Like many of the important things in Liverpool pop culture of the last three decades it has its roots in three spaces: community, the music scene and football.

Speaking just after the last batch of books was delivered to bookshops across Merseyside, Hooton explained how it came about.

He’d been reading the Liverpool Mod revival fanzine Time For Action, which was produced by Jones and the now Walton MP, Steve Rotheram. Around the same time he had spotted an anarchist fanzine attacking the wedding of Charles and Diana in a very funny and irreverent fashion. ‘This anarchist fanzine was surreal and caustic and acerbic and it was soon after the (Toxteth) riots, and I thought it would be great if we had that kind of humour in a magazine about football and music.

“I was working as a youth worker in Cantrell Farm and noticed that Phil Jones had Cantrell Farm address and contacted him. I thought if they (Jones and Rotheram) could do it, then I could do it.”

The project was then about Hooton, Jones et al writing about their lives and the people they came into contact with. “It was just about Cantrell Farm, for us and our mates, but it quickly went city wide.

“As I was a youth worker, the ethos had to be that it wasn’t overtly racist or overtly sexist. But we were trying to cater for people who went to football, particularly away matches, and who went to concerts.”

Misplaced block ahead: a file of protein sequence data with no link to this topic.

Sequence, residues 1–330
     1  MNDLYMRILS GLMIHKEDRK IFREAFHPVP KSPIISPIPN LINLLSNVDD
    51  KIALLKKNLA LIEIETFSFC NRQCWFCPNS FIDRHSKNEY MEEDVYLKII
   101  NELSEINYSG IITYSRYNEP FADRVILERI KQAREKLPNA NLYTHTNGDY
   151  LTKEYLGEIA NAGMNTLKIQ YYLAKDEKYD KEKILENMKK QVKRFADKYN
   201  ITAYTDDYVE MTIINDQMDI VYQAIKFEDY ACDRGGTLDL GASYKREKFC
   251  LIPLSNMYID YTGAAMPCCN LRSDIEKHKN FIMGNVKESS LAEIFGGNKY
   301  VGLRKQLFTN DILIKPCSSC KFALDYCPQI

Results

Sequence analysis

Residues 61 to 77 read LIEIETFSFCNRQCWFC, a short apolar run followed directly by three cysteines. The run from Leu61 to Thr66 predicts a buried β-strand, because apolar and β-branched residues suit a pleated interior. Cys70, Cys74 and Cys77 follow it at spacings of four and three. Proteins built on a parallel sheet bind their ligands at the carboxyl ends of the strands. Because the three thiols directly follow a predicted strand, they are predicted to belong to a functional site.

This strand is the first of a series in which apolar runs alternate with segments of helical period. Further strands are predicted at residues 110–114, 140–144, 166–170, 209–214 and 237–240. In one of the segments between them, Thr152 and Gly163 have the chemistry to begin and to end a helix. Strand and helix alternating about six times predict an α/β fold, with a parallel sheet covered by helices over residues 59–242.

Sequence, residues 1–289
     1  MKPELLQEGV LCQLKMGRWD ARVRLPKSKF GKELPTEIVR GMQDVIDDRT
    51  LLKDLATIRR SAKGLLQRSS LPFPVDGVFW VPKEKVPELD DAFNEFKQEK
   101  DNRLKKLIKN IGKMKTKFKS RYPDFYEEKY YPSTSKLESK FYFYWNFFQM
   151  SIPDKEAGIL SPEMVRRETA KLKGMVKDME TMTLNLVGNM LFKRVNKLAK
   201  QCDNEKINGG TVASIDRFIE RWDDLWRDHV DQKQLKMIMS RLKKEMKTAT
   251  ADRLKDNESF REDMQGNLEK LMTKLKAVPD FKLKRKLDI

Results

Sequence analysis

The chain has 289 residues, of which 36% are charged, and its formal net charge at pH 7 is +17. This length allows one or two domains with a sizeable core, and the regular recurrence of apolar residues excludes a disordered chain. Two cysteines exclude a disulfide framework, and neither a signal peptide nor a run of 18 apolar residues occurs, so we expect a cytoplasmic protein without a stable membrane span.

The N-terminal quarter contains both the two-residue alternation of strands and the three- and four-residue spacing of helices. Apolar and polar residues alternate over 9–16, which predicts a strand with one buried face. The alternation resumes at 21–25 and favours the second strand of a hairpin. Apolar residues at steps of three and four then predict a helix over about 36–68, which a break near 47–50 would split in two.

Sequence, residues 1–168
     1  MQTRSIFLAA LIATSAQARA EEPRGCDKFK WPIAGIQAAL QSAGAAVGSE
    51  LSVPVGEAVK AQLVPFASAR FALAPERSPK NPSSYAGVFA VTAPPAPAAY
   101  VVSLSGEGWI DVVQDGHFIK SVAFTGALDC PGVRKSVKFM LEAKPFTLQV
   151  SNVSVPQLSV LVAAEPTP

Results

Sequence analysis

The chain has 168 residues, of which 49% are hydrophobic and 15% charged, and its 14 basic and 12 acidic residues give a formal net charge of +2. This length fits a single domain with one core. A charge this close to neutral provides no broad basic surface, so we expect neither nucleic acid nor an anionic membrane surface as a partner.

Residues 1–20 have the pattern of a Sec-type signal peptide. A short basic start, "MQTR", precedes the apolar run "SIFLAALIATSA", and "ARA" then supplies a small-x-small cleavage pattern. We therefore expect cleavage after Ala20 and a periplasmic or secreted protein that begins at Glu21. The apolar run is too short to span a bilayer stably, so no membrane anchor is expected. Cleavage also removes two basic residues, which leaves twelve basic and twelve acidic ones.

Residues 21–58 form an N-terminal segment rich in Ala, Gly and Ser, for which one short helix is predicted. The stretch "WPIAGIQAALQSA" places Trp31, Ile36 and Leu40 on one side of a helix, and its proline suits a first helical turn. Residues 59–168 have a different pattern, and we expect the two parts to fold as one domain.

That’s not to say that the right-on element of the magazine’s mission was lost on some of the more unsavoury elements of Liverpool life. “We were successful and one prominent member of Liverpool’s right wing element said that this pinko pop mag was indoctrinating the city’s youth.”

Although the magazine did have a political edge, interviewing people like the socialist MP Terry Fields, Hooton is keen to downplay the myth of The End playing any prominent role in the tempestuous political climate of Militant-era Liverpool.

“People over intellectualise it. There was the riots and unemployment and the influx of heroin, but very few people we knew were going to political meetings. There were a few people you recognized at political meetings from going to the football. But they tended to be on the periphery. Political meetings were mainly trade unionists.”